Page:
mac_resource_type_t mr_type;
    mac_rx_fifo_t mr_fifo;
    } mac_resource_t;
    This function should be called from the m_resources() entry point to register individual receive resources (commonly ring buffers of DMA descriptors) with the MAC module. The returned mac_resource_handle_t value should then be supplied in calls to mac_rx(). The second argument to mac_resource_add() specifies the resource being added. Resources are specified by the mac_resource_t structure. Currently only resources of type MAC_RX_FIFO are supported. MAC_RX_FIFO resources are described by the mac_rx_fifo_t structure.

    This mac_blank function is meant to be used by upper layers to control the interrupt rate of the device. The first argument is the device context meant to be used as the first argument to poll_blank.

    The other fields mrf_normal_blank_time and mrf_normal_pkt_cnt specify the default interrupt interval and packet count threshold, respectively. These parameters may be used as the second and third arguments to mac_blank when the upper layer wants the driver to revert to the default interrupt rate.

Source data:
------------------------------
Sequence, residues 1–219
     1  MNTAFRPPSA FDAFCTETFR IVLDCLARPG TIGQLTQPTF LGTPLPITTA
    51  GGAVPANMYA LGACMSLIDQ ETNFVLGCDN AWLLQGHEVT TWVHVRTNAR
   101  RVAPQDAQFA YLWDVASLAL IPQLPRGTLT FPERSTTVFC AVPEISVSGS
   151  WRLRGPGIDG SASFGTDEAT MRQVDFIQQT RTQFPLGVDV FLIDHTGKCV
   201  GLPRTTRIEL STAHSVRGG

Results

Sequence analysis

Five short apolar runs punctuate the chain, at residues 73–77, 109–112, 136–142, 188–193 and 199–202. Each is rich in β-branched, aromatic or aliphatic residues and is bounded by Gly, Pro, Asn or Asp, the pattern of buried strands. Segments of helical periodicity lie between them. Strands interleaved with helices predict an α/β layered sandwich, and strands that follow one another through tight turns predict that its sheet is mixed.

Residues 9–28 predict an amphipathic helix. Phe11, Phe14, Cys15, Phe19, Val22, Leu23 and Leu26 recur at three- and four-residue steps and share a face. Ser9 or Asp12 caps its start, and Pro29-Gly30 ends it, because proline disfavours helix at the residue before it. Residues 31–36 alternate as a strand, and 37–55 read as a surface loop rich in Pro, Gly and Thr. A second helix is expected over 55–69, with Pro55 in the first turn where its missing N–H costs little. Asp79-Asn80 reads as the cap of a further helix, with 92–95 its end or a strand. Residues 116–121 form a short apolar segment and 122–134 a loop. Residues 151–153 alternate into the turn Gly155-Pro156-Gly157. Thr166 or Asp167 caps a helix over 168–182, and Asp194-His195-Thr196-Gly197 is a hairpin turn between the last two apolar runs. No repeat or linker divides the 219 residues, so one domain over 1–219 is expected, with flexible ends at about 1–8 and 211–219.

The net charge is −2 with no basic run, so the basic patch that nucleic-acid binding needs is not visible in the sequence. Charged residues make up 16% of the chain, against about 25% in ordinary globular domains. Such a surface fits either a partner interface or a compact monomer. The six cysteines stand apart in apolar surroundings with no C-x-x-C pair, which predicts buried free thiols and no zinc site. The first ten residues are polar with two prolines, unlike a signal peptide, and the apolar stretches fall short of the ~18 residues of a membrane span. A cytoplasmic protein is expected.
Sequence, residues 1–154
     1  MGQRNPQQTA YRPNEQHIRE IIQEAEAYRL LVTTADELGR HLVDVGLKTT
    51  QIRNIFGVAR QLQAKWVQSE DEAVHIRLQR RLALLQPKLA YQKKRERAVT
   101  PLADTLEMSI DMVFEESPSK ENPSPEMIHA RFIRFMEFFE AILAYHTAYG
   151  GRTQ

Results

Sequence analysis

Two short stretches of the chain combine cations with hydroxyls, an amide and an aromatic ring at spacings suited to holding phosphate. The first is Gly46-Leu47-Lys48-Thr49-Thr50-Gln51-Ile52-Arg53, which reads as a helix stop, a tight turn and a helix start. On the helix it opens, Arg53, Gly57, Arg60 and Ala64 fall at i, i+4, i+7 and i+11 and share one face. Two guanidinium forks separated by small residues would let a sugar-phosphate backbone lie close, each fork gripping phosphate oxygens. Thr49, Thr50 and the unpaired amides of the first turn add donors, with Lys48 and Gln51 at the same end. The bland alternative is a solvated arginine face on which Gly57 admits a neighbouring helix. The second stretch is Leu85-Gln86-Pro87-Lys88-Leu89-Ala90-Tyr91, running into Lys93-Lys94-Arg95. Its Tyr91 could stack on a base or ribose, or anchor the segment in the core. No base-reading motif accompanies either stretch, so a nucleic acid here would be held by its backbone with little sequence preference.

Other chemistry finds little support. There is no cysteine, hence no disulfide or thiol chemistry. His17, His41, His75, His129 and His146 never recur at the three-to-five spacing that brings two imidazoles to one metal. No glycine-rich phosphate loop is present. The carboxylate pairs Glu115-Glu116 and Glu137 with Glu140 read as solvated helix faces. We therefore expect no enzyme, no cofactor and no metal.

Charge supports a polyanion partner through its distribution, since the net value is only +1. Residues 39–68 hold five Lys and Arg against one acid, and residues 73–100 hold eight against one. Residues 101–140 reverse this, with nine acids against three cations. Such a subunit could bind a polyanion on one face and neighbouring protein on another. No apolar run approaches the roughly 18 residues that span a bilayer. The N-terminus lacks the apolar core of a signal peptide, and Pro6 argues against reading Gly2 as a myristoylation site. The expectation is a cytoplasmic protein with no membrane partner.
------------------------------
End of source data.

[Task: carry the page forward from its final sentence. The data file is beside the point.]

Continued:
The interrupt rate is controlled by the upper layer by calling poll_blank with different arguments. The interrupt rate can be increased or decreased by the upper layer by passing a multiple of these values to the last two arguments of mac_blank. Setting these avlues to zero disables the interrupts and NIC is deemed to be in polling mode.